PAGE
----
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Vegas not sold on Ravens, but Newsome being patient


Vegas not sold on Ravens, but Newsome being patient

Heading into the draft, Las Vegas does not view the Ravens as a Super Bowl contender. Vegasinsider.com gives the Ravens 35-1 odds to win Super Bowl 51, tied with the Raiders for 15th best in the NFL.

At the Ravens’ pre-draft luncheon, general manager Ozzie Newsome was asked how close the Ravens were to being contenders. Newsome said it was too early to answer, though he was pleased to acquire wide receiver Mike Wallace, tight end Ben Wallace, and safety Eric Weddle during free agency.

“I think I can probably answer that better after the third preseason game,” Newsome said.

“It will be around the third or fourth preseason game (before I can answer that question). And then, if you listen to some of the other people in the business, it normally takes you through the first four games before you find out what team you really have. So we will take that same path in trying to find out where this team is going to be. Based on our acquisitions so far and hopefully the health we’ll get back, we should be better. We lost a lot of close games last year, and maybe guys can make a play or two to help us out and we can win some of those games that we lost.”

The Ravens own the sixth pick in the draft because they had the worst record (5-11) in coach John Harbaugh’s eight-year tenure. The Ravens view last season as an anomaly. They expect to bounce back like they did in 2014, when they finished 10-6 and reached the divisional round of the playoffs, following an 8-8 season in 2013.

It’s reasonable to expect the Ravens to be healthier next season, and that alone could make them better. But jumping from 5-11 back into the playoffs? They need a strong draft to improve the odds of that happening.

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Ravens sign Crabtree to three-year deal

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Ravens sign Crabtree to three-year deal

The Baltimore Ravens have signed WR Michael Crabtree to a three-year deal on Friday according to general manager and executive vice president Ozzie Newsome.

The deal is apparently worth $21 million, according to Adam Shefter.

After being released by the Raiders Thursday following the signing of Jordy Nelson, Crabtree heads to the Ravens less than 24 hours later.


The 31-year-old is coming off a 2017 season when he recorded 58 receptions for 618 yards and eight touchdowns. In 2016 he posted 89 receptions for 1,003 yards and eight touchdowns.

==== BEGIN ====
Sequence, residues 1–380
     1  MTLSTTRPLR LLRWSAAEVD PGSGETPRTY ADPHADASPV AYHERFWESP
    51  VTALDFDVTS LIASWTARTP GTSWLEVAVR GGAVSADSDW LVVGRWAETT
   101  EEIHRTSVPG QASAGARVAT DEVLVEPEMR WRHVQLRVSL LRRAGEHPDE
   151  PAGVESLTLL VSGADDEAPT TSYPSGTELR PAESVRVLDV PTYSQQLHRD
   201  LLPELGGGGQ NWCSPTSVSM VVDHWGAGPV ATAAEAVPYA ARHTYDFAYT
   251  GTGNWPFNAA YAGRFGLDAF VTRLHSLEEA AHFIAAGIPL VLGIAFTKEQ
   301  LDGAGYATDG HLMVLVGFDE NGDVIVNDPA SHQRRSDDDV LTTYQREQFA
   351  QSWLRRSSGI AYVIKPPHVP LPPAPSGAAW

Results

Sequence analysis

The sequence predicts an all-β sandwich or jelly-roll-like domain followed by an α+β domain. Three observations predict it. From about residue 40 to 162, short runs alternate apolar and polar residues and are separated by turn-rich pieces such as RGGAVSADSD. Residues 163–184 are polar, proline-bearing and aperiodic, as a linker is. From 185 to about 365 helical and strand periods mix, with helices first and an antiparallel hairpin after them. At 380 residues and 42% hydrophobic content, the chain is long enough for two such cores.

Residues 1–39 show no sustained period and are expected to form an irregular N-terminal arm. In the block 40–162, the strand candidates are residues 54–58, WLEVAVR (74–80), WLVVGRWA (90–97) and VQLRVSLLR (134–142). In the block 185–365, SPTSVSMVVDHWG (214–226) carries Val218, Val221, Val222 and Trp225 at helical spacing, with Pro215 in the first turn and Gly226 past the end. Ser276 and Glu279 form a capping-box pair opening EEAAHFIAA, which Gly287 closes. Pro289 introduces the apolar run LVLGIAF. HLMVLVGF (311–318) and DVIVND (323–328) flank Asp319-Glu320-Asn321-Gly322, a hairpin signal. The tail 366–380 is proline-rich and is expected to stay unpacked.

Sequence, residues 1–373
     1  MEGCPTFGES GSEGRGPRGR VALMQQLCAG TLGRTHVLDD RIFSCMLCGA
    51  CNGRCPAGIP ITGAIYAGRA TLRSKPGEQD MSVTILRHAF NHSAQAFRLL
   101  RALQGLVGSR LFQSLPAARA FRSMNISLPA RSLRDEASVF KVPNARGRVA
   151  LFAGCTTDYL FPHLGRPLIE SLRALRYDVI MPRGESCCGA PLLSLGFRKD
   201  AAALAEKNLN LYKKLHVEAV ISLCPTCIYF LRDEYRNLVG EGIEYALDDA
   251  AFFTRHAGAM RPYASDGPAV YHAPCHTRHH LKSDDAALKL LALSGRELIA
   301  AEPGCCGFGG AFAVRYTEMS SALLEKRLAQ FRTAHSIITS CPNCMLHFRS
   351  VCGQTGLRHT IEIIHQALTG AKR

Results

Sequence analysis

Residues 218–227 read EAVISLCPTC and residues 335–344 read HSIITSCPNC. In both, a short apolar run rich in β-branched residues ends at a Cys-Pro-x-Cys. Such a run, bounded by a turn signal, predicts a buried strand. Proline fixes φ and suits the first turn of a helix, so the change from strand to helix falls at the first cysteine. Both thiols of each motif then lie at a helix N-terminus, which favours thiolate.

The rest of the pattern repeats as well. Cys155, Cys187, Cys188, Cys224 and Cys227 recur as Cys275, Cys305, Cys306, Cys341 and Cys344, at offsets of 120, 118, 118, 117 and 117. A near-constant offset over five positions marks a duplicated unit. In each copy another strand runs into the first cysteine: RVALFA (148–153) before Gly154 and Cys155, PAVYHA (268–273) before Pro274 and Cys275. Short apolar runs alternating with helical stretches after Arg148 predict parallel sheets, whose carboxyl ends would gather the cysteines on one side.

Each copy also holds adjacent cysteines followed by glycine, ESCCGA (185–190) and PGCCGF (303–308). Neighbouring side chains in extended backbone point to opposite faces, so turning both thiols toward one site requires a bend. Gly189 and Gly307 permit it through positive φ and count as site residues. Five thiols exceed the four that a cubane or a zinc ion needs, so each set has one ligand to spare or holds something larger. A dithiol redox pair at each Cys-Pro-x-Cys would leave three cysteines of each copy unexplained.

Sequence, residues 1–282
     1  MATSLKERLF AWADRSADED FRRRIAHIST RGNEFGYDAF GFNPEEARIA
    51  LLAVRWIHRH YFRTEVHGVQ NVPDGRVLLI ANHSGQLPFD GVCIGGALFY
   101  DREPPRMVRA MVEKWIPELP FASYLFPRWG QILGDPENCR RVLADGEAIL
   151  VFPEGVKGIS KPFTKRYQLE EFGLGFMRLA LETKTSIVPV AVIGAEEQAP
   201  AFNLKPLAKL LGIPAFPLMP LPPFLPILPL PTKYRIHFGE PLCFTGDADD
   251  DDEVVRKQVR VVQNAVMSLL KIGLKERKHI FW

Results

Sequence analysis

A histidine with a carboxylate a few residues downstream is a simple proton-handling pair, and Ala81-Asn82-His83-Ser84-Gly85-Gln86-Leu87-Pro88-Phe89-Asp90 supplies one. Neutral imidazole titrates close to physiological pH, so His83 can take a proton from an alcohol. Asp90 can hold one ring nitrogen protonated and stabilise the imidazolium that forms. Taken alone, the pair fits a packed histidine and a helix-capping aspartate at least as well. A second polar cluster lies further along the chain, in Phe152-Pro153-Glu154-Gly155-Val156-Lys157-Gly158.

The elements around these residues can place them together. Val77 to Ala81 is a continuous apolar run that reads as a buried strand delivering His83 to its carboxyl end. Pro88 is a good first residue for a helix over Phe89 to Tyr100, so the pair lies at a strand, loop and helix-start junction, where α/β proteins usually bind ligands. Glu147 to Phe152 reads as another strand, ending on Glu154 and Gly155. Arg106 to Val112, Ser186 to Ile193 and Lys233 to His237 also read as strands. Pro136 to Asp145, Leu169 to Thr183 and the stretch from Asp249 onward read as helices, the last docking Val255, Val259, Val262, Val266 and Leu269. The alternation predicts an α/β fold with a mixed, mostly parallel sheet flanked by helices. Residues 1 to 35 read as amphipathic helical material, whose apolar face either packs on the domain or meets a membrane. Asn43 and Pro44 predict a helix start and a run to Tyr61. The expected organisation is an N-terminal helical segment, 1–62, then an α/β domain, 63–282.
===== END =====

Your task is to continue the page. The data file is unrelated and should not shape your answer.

Since 2015, the Texas Tech product has scored 25 receiving touchdowns, the fifth-most in the NFL. Crabtree and Steelers WR Antonio Brown are the only NFL players to post at least eight touchdown catches in each of the past three seasons.


In all, Crabtree has played nine NFL seasons – six of them with San Francisco (2009-14) and three with Oakland (2015-17). The former first-round draft pick (10th overall, Texas Tech) has registered 579 receptions for 6,870 yards (11.9 avg.) and 51 touchdowns in 125 career games (122 starts).

“Michael has played very well against the Ravens, so we know firsthand the attributes he brings to the game,” Newsome said in a team statement. “He is a smart, tough, physical receiver who battles for the ball. We like his temperament and believe he is a good fit for our football team, on and off the field.”

Since he entered the NFL in 2009, Crabtree’s 51 receiving scores rank 10th among active wide receivers, while his receptions (579) are seventh, and his receiving yards (6,870) are 12th.

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Ryan Grant's health issue and why the Ravens couldn't control voiding his contract

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Ryan Grant's health issue and why the Ravens couldn't control voiding his contract

The most obvious move in the NFL this offseason was the Ravens signing a new wide receiver (or three). It was less obvious why the team decided to commit so much money to former Redskins receiver Ryan Grant.

Grant has long been beloved by his coaches and teammates, but the results have never been there on game day. He has some potential to improve if given a larger role in a team's offense, which he likely would have had in Baltimore, but it never made much sense to offer him a 4-year contract worth nearly 30 million, with $14.5 million guaranteed.

Thankfully for fans who were uninspired by the reported agreement, Grant was unable to pass his physical and will not be joining the team.


At a press conference Friday morning, GM Ozzie Newsome called the void a "medical decision" that Newsome had no control over. 

NFL insider Ian Rapoport reported that Grant is recovering from a Grade 2 sprained ankle that would need two months rest.

You have to feel for Grant, who by all accounts has worked his tail off for many years just waiting for his chance. It's never easy missing out on nearly $15 million dollars guaranteed, but Grant should be able to find work with another team.

The timing of this news, coming so soon after former Raider Michael Crabtree became available, seemed fishy to some.

At Friday's press conference, Newsome also said the team would have still pursued Crabtree if they signed Grant. 

It's probably not fair to suggest that an NFL franchise would actually so publicly back out of a deal just because another option came along, as any team with that reputation would struggle to attract future free agents. That said, it could end up working out splendidly for the team.

Besides, if all else is equal, shouldn't a team located in Baltimore be going after a guy named CRABtree?